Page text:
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University of Miami and Jackson Health System Honor the Memory of Jay W. Weiss

6/7/2005

A tribute celebration in honor of the late Jay W. Weiss took place on June 7 at Alamo Park on the campus of the University of Miami/Jackson Memorial Medical Center.   During the special ceremony, a sculpture of the longtime philanthropist was unveiled, and Jackson's Ambulatory Care Center was renamed the Jay W. Weiss Ambulatory Care Center.

During his lifetime Jay Weiss was one of the best friends the University of Miami Leonard M. Miller School of Medicine and Jackson Memorial Hospital ever had.  Overall, he helped raise more than $150 million for both institutions, including millions in his own special contributions. Weiss served on the University¹s Board of Trustees, and was a former chairman of the Miami-Dade County Public Health Trust, which oversees Jackson Memorial. He also built Southern Wine and Spirits into the country¹s largest liquor distributor.

Weiss died of cancer in January of last year.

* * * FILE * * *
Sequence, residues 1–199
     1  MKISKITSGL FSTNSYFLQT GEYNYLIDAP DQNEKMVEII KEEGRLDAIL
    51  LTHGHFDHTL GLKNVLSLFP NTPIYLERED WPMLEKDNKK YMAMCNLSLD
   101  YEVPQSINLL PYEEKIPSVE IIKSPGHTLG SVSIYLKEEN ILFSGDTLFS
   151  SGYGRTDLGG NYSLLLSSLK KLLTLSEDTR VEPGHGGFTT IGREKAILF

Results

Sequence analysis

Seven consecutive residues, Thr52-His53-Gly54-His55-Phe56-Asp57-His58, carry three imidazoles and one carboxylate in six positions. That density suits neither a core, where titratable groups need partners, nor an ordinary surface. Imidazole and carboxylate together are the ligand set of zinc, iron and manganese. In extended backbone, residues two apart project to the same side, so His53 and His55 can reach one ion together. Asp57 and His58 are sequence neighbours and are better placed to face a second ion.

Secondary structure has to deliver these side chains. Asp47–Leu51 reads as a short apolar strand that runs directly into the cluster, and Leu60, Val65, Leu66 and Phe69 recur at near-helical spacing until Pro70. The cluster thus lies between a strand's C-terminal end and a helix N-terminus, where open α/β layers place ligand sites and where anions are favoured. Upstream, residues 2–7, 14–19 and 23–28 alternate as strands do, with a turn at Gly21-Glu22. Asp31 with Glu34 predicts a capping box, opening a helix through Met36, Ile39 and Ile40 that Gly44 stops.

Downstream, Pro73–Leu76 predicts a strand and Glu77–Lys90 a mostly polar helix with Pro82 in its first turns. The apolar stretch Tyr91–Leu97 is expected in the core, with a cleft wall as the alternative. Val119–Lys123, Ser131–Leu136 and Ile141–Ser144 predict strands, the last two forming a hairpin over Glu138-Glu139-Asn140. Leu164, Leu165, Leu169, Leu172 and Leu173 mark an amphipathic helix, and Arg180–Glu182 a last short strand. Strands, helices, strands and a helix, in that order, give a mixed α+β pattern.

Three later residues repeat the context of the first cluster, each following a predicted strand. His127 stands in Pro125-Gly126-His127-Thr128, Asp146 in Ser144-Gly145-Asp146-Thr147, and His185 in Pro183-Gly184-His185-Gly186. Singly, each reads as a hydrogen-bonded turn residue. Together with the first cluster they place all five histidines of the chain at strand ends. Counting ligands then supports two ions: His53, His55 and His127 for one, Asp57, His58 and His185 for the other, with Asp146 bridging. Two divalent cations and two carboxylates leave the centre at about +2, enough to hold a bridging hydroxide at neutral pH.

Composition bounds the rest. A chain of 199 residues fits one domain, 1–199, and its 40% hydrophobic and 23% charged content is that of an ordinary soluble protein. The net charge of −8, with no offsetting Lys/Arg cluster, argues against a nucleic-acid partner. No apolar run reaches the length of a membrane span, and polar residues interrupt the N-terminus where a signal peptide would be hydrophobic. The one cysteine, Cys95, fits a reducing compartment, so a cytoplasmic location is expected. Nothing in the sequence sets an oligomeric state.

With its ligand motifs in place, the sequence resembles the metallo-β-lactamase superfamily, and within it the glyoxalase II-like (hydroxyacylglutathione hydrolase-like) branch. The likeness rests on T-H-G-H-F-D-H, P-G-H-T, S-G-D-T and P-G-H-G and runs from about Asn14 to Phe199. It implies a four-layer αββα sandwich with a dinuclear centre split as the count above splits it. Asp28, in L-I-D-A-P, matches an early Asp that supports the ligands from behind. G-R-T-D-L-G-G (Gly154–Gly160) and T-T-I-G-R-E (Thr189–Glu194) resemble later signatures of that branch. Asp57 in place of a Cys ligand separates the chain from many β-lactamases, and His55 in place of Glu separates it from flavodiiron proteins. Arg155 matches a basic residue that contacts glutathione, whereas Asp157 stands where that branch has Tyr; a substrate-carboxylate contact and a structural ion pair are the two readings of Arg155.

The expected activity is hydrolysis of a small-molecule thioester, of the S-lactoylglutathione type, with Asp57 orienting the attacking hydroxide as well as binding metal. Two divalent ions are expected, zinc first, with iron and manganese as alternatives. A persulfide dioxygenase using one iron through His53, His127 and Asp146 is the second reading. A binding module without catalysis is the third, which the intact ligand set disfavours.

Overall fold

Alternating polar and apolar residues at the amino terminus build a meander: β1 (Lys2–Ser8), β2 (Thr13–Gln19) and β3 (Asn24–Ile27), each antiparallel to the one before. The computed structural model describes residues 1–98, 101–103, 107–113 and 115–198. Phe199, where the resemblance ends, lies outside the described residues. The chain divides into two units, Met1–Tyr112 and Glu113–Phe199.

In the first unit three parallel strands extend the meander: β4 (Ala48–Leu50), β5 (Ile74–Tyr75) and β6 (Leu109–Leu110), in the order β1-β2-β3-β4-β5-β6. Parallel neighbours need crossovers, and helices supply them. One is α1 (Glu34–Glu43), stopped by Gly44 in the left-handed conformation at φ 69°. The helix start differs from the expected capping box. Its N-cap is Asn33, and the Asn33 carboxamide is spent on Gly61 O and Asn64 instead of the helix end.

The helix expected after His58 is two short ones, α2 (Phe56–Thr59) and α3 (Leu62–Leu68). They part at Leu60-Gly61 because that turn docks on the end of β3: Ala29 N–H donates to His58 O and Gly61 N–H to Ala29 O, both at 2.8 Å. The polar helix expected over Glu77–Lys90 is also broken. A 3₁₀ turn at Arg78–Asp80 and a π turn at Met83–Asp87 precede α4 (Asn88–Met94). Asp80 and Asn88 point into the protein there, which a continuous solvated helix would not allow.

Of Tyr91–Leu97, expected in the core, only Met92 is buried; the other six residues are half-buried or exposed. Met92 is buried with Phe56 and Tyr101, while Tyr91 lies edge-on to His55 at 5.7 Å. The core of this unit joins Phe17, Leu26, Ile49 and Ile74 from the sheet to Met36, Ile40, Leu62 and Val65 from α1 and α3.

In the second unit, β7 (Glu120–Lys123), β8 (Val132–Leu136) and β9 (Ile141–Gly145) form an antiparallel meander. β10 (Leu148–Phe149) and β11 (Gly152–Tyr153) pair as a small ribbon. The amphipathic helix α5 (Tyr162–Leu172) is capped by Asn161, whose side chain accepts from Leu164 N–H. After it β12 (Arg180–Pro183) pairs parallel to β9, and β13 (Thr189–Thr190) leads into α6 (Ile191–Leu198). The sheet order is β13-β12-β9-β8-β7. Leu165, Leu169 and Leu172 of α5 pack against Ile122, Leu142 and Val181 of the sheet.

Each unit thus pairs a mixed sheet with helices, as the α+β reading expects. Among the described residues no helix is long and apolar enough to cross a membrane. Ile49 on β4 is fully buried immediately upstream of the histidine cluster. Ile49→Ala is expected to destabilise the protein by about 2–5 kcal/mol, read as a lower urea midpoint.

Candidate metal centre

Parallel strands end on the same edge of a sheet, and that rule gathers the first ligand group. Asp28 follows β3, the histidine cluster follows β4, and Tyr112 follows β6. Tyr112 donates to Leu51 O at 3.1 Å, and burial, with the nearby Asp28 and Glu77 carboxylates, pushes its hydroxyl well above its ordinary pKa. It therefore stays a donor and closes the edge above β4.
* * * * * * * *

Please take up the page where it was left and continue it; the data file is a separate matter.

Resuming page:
"Jay¹s passing was an incalculable loss to this medical center, as well as the underserved and less fortunate in our community," said John G. Clarkson, M.D., senior vice president for medical affairs and dean of the UM Miller School of Medicine, during the ceremony. "The dedication of Jay¹s sculpture in the middle of the medical center is symbolic of the love and devotion he had for both institutions and those who work here.  The sculpture¹s location did not happen by accident -- his daughters selected the site and position so that Jay will always be watching over us, but more importantly, watching over the people we serve."

Marvin O¹Quinn, president of the Public Health Trust and chief executive officer of Jackson Health System, said, "Although I am just about to begin my third year at Jackson, I am fortunate to have been touched by Jay while being recruited, and his love and commitment to our mission was one of the things that convinced me to take on the challenge.   Jay's belief in the joint responsibilities of the hospital and medical school, as well as our interdependence on one another, was truly infectious."

The sculpture is the work of artist Ric Frignoca of Bronzeart in Sarasota.  The renaming of the ambulatory care center in Weiss¹ name will be a constant reminder of his fundamental belief that no one should be denied good medical care because of their socioeconomic circumstance.  Last year, more than 600,000 people received primary medical care at the center.